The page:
Digital Privacy from Kindergarten to the Grave
In late February, the White House released a discussion draft of the Consumer Privacy Bill Of Rights Act of 2015, otherwise known as the Privacy Act.
The stated purpose of the bill is to establish “baseline protections for individual privacy in the commercial arena and to foster timely, flexible implementations of these protections through enforceable codes of conduct.”
The Act would protect “personal data,” defined to include:
- a person’s name
- postal or email address
- telephone and/or fax number
- a Social Security number, tax ID, passport number, driver’s license number, or any other government-issued ID number
- biometric indicators, such as fingerprints and voice prints
This latest legislative initiative is just one of a patchwork of state and federal laws intended to protect consumer privacy.
Although privacy laws have existed for some time, and privacy policies are now standard features on websites, existing privacy legislation is not always effectively enforced.
As the New York Times recently reported, many schools nationwide are experimenting with apps and other software that customize teaching to a student’s individual progress and aptitude.
These apps are often offered to schools for free, so that the developers can get a foot in the school door. Teachers may adopt these apps, on a classroom-by-classroom basis, without any kind of review or approval by the school or district’s IT managers.
Through using educational software, some school districts have experienced data breaches and in a few cases student records were posted on the Internet.
To prevent such breaches, one Missouri school district requires that every app that a teacher wants to use must be checked by the district’s director of instructional technology to make sure that commercial products are not pushed on the students via the app and that the students’ details are not shared with third parties.
School districts that fail to take adequate precautions risk running afoul of federal law.
For example, the Family Educational Rights and Privacy Act requires school districts to maintain the confidentiality of student records.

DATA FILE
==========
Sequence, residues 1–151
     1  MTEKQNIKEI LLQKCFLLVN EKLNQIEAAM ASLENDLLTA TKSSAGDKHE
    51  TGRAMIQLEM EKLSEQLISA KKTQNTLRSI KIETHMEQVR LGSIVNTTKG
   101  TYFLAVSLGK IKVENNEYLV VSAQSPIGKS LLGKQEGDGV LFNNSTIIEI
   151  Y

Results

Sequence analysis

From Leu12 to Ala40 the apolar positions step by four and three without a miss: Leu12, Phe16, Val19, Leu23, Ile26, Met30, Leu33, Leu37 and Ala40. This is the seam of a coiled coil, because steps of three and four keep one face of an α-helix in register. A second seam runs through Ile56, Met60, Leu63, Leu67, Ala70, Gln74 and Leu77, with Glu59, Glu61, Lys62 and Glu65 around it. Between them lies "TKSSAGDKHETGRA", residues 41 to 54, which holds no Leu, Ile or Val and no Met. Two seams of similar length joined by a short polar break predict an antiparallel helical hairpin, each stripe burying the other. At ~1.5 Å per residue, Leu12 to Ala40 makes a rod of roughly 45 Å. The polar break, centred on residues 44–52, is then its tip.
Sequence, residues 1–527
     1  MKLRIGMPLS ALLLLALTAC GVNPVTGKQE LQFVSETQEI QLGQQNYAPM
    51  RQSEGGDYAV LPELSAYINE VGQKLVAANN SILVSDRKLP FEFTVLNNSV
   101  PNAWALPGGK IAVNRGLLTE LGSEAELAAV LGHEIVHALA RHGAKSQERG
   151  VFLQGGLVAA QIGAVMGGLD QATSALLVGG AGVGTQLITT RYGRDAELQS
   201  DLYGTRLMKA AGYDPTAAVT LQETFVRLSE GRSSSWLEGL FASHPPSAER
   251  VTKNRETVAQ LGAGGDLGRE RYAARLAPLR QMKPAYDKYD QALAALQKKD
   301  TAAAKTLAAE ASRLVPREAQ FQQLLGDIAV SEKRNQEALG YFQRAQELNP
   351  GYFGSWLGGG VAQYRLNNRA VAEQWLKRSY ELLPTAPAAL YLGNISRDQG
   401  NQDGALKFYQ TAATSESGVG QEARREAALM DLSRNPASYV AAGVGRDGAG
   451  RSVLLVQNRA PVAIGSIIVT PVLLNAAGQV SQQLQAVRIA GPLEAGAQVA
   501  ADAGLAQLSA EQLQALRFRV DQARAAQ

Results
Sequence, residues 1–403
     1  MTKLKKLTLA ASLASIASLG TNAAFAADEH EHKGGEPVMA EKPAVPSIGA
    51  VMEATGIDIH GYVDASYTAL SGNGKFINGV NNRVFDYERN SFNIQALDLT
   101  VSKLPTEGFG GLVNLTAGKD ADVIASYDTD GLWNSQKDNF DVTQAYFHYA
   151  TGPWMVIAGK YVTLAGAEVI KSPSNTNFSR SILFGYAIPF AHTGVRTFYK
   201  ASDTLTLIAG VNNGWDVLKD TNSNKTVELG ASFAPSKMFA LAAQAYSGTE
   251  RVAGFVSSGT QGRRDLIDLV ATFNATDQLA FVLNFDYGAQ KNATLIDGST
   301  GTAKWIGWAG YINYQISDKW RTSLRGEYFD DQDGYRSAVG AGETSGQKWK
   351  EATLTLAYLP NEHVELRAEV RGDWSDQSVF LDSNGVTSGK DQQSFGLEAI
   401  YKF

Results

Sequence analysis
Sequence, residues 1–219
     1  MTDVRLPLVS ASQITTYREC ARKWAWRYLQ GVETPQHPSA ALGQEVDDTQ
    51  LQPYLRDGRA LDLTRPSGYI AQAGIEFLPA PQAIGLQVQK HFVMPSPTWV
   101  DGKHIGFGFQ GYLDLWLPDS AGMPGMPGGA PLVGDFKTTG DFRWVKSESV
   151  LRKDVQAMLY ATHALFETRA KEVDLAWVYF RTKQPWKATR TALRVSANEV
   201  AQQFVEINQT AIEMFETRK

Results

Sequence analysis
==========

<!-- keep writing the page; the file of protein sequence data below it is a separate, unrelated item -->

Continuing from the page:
The Children’s Online Privacy Protection Act allows schools to let online providers collect personal data from children. However, the Federal Trade Commission recommends that the decision about when to do so should not be made on a teacher-by-teacher basis.
Afterlife Social Media
At the other end of the privacy lifecycle, social media companies are working to come up with policies to deal with the accounts of members who die.
19 states have created laws to protect digital assets and give family members or other designated digital executors power to maintain and update social media for the deceased.
A list of these laws by state can be seen here.
For example, in Indiana executors may access a deceased person’s email accounts, social networking accounts, blogs, and text messages.
Facebook recently changed its policy to allow users to designate a “legacy contact” or have the account deleted after death.
If an account holder fails to take the necessary steps in advance, after death family members or other executors can seek a court order allowing them to take action with respect to social media and email accounts. However this process can be expensive, time-consuming, and not always successful.
If you have questions about privacy law issues, you may wish to consult an attorney in your area.